Chlorination is also relatively simple to establish; however, it can be challenging to maintain adequate levels of chlorine throughout a hospital water system.Â Electrolytic chlorine generation systems in large-scale studies appear to be no better than sodium hypochlorite.(41) However, chlorination is not free of risk for possible byproduct-associated genotoxicity, which is an emerging concern.(42) Bench-scale chlorination compared with UV irradiation showed that both methods were effective in reducing levels of indicator organisms; however, pathogens of clinical concern were less affected by chlorination.(43) Published data demonstrate that waterborne pathogens are protected against chlorination by biofilm.(44-45)Â These findings suggest that chlorination may be less effective than other alternatives, despite its relative cost efficiencies.
Chlorine dioxide effectively reduces, but may not eliminate Legionella.(46) Testing of multiple disinfection strategies has indicated that chlorine dioxide may arguably be the most effective systemic disinfection method for the control of Legionella.(44) In simulated potable water system testing, chlorine dioxide was shown to be more effective in reducing heterotrophic bacterial counts, with reduced levels of some but not all organic halogenated byproducts.(47) However, chlorine dioxide systems are more costly to install than chlorination.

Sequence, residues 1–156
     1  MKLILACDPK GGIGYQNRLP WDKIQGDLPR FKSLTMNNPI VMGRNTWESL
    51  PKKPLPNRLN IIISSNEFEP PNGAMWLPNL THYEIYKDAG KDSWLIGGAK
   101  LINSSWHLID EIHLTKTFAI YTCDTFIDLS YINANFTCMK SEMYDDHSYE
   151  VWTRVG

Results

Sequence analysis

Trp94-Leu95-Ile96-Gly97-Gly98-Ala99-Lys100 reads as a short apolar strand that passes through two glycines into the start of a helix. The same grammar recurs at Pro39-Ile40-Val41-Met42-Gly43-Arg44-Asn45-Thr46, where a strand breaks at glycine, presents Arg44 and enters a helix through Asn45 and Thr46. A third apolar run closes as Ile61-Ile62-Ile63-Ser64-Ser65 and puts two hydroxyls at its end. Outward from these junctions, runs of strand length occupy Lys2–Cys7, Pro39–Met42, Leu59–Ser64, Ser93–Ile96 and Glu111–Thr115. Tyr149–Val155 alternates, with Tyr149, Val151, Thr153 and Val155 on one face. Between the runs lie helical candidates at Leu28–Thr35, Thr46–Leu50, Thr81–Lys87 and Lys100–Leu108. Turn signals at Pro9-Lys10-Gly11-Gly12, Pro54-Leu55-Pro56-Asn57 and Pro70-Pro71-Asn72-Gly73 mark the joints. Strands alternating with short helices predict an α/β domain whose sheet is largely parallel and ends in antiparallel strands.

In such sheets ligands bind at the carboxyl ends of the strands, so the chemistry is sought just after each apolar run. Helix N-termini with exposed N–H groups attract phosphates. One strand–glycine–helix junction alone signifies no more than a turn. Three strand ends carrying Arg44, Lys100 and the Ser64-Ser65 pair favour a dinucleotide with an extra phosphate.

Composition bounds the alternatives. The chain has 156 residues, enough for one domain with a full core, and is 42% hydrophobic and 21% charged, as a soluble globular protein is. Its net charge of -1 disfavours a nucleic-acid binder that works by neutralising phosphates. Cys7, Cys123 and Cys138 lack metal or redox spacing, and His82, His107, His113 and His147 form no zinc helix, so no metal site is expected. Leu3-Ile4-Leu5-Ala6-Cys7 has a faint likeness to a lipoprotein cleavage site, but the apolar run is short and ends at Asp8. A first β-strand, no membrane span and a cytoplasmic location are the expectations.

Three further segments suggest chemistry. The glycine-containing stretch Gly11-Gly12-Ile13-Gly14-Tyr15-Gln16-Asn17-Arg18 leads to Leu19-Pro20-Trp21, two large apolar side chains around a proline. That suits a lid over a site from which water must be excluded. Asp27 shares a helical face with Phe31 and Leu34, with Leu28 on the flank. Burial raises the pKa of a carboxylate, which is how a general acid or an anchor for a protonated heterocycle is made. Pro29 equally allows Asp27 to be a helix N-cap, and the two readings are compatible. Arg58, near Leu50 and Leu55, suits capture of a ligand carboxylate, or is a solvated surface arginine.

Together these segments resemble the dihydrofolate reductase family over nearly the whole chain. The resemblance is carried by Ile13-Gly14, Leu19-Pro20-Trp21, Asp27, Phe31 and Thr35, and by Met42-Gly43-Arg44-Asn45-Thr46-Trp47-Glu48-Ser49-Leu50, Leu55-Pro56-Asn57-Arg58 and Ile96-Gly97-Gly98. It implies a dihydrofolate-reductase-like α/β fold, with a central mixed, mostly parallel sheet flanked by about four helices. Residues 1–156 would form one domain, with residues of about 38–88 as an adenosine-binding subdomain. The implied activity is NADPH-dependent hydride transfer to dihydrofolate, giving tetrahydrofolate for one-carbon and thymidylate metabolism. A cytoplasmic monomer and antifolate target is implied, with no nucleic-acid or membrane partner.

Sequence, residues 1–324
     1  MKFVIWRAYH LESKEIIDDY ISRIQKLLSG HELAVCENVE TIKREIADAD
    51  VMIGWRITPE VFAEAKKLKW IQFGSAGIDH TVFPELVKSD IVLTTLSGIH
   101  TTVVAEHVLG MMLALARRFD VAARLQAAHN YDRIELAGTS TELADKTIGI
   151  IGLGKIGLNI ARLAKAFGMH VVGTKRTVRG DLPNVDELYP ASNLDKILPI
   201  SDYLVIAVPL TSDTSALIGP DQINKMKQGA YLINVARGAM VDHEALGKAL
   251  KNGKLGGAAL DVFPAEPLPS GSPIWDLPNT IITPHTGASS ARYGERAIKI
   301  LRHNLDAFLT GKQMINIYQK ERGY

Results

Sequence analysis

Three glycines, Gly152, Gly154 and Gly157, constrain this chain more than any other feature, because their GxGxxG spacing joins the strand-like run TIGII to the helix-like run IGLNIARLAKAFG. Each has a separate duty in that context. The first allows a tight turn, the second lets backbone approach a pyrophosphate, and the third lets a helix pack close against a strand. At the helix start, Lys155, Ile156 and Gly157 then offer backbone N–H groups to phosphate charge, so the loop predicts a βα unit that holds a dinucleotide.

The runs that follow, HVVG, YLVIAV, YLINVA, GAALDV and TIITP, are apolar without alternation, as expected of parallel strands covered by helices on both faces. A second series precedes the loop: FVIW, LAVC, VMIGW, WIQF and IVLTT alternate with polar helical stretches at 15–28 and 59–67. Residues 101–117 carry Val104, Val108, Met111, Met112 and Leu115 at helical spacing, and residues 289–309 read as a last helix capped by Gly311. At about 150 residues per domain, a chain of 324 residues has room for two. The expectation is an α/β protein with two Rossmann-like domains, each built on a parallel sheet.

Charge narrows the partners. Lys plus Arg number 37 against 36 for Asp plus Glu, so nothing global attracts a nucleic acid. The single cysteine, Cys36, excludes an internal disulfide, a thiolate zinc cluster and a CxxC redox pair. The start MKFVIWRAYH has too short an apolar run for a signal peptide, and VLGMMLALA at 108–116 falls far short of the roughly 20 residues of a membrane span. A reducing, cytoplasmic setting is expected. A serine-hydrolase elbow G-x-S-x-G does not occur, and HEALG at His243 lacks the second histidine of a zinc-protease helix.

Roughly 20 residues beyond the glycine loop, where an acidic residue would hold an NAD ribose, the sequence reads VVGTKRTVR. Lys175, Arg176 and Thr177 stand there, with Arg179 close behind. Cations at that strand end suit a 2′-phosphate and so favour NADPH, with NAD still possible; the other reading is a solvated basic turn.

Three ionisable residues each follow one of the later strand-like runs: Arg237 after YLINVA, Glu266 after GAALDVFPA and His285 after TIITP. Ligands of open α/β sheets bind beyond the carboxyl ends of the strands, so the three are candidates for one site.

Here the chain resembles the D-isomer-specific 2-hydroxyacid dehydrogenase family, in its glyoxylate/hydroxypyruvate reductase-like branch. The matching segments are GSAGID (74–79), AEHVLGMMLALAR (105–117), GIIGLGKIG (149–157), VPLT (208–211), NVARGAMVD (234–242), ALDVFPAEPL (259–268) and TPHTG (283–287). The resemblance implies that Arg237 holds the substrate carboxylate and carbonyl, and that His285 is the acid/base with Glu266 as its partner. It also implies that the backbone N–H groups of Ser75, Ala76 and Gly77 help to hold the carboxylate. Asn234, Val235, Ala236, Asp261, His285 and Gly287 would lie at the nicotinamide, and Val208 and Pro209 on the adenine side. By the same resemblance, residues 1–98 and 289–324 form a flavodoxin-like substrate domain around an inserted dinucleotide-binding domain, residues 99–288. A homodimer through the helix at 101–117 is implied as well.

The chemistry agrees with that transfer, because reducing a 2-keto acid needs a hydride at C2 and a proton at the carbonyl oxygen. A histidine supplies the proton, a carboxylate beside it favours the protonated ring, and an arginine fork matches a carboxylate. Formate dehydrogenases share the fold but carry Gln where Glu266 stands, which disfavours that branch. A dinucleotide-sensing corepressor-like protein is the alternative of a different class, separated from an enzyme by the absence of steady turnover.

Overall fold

Efficacy studies of chloramines alone or in combination with free chlorine indicate that neither alone is adequate as a disinfectant.(48) In addition, the spectrum of potentially harmful halogenated byproducts left by combination chlorination regimens(49) will take some time to assess.Â Chlorine and chloramines also differ in their spectrum of antimicrobial activity. For example, Klebsiella pneumoniae appears to be more sensitive to chloramines than to free chlorine under certain conditions.(50)
Studies of copper-silver ionization used either alone or in combination with other systemic disinfection strategies have demonstrated this technology to be effective to varying degrees.(51)Â However, it is likely to be more effective when used in combination with another disinfection technology.Â Importantly, none of these studies was able to demonstrate sustained eradication of Legionella; however, acutely, copper and silver ions alone and in combination have demonstrated bactericidal activity of greater than 99.999 percent against the clinically relevant WBP, such as P. aeruginosa, A. baumannii, and S. maltophilia, in addition to Legionella.(52-53)